I’m teaching a class in data science for our masters and PhD students here at Hopkins. I’ve been teaching a variation on this class since 2011 and over time I’ve introduced a number of new components to the class: high-dimensional data methods (2011), data manipulation and cleaning (2012), real, possibly not doable data analyses (2012,2013), peer reviews (2014), building swirl tutorials for data analysis techniques (2015), and this year building data analytic web apps/R packages.
I’m the least efficient teacher in the world, probably because I’m very self conscious about my teaching. So I always feel like I have to completely re-do my lecture materials every year I teach the class (I know, I know I’m a dummy). This year I was reviewing my notes on high-dimensional data and I was looking at this breakdown of the three eras of statistics from Brad Efron’s book:
- The age of Quetelet and his successors, in which huge census-level data sets were brought to bear on simple but important questions: Are there more male than female births? Is the rate of insanity rising?
- The classical period of Pearson, Fisher, Neyman, Hotelling, and their successors, intellectual giants who developed a theory of optimal inference capable of wringing every drop of information out of a scientific experiment. The questions dealt with still tended to be simple — Is treatment A better than treatment B? — but the new methods were suited to the kinds of small data sets individual scientists might collect.
- The era of scientific mass production, in which new technologies typi- fied by the microarray allow a single team of scientists to produce data sets of a size Quetelet would envy. But now the flood of data is accompanied by a deluge of questions, perhaps thousands of estimates or hypothesis tests that the statistician is charged with answering together; not at all what the classical masters had in mind.
While I think this is a useful breakdown, I realized I think about it in a slightly different way as a statistician. My breakdown goes more like this:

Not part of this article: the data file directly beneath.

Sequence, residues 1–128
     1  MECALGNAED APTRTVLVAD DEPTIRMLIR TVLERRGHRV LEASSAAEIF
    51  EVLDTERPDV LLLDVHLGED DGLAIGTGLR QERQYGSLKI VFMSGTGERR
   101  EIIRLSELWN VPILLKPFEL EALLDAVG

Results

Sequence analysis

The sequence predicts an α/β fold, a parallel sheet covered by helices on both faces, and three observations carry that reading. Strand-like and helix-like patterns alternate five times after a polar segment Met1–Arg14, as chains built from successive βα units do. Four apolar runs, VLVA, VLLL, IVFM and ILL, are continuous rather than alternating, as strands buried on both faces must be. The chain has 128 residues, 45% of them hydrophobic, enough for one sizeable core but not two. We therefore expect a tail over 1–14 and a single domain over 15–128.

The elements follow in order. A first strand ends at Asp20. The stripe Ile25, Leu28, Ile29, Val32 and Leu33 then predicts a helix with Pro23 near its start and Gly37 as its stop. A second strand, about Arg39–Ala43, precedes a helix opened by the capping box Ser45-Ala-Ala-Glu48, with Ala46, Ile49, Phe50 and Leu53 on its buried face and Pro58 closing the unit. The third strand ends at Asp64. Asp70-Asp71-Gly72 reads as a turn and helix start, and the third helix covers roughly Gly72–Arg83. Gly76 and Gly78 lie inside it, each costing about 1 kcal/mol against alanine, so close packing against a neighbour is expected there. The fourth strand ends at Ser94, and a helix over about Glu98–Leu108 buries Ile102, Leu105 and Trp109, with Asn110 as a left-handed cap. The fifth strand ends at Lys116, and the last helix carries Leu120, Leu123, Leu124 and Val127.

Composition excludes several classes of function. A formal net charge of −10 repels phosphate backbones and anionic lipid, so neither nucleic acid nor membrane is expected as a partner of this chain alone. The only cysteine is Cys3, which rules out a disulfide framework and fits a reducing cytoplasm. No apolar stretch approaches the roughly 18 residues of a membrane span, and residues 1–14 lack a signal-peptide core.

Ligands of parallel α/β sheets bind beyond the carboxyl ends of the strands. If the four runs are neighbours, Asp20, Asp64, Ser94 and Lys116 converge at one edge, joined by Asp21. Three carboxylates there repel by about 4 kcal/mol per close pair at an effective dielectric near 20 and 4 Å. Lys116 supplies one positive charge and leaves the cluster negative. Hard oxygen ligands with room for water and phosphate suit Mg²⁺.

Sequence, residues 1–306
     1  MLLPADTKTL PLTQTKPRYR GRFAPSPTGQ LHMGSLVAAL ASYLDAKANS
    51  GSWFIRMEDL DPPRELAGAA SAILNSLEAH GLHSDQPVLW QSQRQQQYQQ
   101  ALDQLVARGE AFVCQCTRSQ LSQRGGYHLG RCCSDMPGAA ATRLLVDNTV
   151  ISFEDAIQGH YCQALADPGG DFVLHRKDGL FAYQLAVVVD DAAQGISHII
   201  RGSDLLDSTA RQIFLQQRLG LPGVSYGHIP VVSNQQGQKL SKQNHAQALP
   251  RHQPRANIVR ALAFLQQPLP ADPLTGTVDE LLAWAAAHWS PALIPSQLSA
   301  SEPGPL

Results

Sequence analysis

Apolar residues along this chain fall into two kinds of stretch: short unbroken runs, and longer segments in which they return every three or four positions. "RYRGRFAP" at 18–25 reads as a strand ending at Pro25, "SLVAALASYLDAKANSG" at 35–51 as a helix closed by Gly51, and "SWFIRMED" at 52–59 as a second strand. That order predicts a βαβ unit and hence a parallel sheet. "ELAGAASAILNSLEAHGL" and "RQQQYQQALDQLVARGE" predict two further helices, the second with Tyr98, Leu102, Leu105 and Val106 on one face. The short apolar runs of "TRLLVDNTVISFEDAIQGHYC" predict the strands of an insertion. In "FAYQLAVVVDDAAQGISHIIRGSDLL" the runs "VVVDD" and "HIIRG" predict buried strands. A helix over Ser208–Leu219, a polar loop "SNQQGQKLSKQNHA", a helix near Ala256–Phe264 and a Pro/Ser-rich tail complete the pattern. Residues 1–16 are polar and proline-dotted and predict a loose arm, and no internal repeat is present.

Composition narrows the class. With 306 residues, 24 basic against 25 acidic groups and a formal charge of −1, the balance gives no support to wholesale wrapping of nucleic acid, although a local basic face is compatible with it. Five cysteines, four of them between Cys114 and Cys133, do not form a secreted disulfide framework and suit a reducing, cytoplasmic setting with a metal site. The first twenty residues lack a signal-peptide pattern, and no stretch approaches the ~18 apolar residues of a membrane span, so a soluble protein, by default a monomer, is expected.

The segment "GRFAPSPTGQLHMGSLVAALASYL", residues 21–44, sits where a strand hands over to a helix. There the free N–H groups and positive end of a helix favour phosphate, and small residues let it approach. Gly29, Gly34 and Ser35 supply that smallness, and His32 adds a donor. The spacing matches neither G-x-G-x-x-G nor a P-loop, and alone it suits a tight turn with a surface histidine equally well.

- The era of not much data This is everything prior to about 1995 in my field. The era when we could only collect a few measurements at a time. The whole point of statistics was to try to optimaly squeeze information out of a small number of samples - so you see methods like maximum likelihood and minimum variance unbiased estimators being developed.
- The era of lots of measurements on a few samples This one hit hard in biology with the development of the microarray and the ability to measure thousands of genes simultaneously. This is the same statistical problem as in the previous era but with a lot more noise added. Here you see the development of methods for multiple testing and regularized regression to separate signals from piles of noise.
- The era of a few measurements on lots of samples This era is overlapping to some extent with the previous one. Large scale collections of data from EMRs and Medicare are examples where you have a huge number of people (samples) but a relatively modest number of variables measured. Here there is a big focus on statistical methods for knowing how to model different parts of the data with hierarchical models and separating signals of varying strength with model calibration.
- The era of all the data on everything. This is an era that currently we as civilians don’t get to participate in. But Facebook, Google, Amazon, the NSA and other organizations have thousands or millions of measurements on hundreds of millions of people. Other than just sheer computing I’m speculating that a lot of the problem is in segmentation (like in era 3) coupled with avoiding crazy overfitting (like in era 2).
I’ve focused here on the implications of these eras from a statistical modeling perspective, but as we discussed in my class, era 4 coupled with advances in machine learning methods mean that there are social, economic, and behaviorial implications of these eras as well.comments powered by Disqus